How Does A Silk Worm Make Silk?
Silk worms are the offspring of the Bombyx Mori moth. They spew out threads from tiny holes in their jaws which they use to spin into their egg baring cocoons. This production from start to finish takes 72 hours and during this time they produce 500-1200 silk threads.
Silk is a natural protein fibre, some form of which can be woven into textile. Silk is produced by several insects but only the silk moth caterpillar has been used for textile manufacture.
Other insects that can produce silk are bees, wasps, ants, silverfish, mayflies, beetles, fleas, flies and midges. Also various arachnids such as spiders produce silk too.
Silk And The Unpretty Truth.
Once the silk worm has spun its cocoon it will stay in it for 16 days as it transforms into the Bombyx Mori moth. After the transformation is complete it begins to secrete an alkaline based fluid that dissolves a whole in the silk so it can emerge. The silk farmers don’t want their silk damaged by this fluid so once the cocoon is completely formed they placed all the sacks into boiling water killing the worms inside.
The truth is most of the silk in the world is produced this way.
The good news is that there is an ethical way this fabric is being harvested. This way doesn’t result in the silk worm being boiled alive.
The alkaline solution the moths produce to exit the cocoon leaves the silk slightly discoloured but the bombyx mori can survive after providing us with a little luxury and this is process is known as peace silk.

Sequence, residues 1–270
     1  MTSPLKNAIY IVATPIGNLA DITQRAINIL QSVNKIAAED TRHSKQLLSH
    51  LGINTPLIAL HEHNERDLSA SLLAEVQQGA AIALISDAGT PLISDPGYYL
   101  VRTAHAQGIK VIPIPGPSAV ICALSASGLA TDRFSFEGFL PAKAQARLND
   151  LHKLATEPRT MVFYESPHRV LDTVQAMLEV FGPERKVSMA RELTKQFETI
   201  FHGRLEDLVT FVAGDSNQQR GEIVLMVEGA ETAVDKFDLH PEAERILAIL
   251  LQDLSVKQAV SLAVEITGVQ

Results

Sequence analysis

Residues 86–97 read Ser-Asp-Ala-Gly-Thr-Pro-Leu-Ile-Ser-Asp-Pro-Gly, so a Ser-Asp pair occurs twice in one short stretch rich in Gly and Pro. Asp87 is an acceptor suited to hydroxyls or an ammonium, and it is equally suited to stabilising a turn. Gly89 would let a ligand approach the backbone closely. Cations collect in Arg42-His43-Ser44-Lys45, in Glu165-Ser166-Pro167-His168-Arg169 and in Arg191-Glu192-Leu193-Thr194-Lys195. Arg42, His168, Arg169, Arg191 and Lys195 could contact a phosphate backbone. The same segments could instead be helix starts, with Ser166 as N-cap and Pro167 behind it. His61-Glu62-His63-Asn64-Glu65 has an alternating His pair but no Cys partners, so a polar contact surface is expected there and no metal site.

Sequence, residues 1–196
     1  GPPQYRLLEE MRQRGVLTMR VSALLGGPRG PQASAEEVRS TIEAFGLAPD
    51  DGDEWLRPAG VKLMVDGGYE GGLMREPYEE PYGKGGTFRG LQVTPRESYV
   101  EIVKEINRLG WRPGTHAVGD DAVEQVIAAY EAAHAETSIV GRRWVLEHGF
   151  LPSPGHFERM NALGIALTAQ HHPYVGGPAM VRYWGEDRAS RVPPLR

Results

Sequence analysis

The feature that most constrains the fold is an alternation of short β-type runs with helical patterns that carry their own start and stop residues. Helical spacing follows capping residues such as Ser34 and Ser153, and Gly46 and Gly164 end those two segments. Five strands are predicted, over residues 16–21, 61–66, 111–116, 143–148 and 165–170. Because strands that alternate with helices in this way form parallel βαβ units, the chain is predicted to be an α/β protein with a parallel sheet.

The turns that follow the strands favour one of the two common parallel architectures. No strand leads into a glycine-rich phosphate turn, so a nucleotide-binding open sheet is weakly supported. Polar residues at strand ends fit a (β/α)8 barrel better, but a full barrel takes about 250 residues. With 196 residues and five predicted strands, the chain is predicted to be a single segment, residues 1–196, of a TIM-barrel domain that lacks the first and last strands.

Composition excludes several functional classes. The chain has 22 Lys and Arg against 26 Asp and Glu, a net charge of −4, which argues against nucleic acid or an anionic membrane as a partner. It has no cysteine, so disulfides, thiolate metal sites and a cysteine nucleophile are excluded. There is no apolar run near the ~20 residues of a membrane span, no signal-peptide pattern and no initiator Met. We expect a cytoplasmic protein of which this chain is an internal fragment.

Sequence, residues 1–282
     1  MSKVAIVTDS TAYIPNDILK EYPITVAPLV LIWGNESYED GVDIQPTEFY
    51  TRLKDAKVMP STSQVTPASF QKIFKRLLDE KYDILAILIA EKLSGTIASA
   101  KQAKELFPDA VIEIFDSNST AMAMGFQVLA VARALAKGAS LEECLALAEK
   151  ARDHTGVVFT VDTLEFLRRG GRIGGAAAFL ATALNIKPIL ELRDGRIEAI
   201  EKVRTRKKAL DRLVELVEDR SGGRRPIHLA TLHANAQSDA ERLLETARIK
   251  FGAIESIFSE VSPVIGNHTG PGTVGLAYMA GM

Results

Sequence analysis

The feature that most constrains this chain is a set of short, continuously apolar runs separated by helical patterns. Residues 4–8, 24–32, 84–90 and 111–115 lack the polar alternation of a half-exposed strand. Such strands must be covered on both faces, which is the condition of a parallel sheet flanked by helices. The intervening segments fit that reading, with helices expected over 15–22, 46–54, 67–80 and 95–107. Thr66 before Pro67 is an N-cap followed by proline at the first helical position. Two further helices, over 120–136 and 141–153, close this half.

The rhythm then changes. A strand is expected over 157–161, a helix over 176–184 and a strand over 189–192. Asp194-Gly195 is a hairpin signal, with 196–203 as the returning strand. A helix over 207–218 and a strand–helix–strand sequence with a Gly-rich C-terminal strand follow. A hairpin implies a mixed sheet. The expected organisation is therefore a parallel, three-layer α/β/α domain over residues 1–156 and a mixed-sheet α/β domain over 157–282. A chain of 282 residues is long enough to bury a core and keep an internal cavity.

The Real Silk Gown.
When thinking of silk the first thought is a luxury item of clothing, a silk tie or a wedding dress. It is a fabric associated with quality and finished beautifully.
There are many different types of silk and the price can vary from £10 – £100 per metre that is $12.87 – $128.71. The price differs depending on the silk farms and how they manage their supplies. Organic silk tends to be more expensive as the cost to sustain may be higher.
The amount of fabric required to make a couture wedding dress on average is between 4 and 6 meters. If we take some of these bigger skirts into consideration this can push the per metre up to 10 and sometimes more. Making a silk wedding dress from scratch will require special needles and a clean cutting space.
Some of the properties of silk are beneficial to the wearer. Firstly it dose not hold creases like synthetic fabrics. As you will see in Princess Diana‘s wedding dress on the 29th July 1981. Once she steps out of the carriage her dress has deep creases as soon as she inside the cathedral her creases had dropped out of her shantung gown. Another property of silk is its “slippy ness” and is often used in men’s suit lining making it easier to push arms through when getting dressed. It traps heat in colder season and its cool on the skin in warmer seasons which is properly why silk is perfect for negligee and most sleep wear.
Silk feels beautiful against the skin and only recently has technology come close to recreating this feeling in synthetics. All to save money but to also eliminate the cons of choosing a real silk gown. There is something special about a real silk gown/ wedding dress. Its timeless, vintage and falls into the rules of the wedding tradition.
Art work La Femme (1895) by Giacomo Grosso, 1860-1938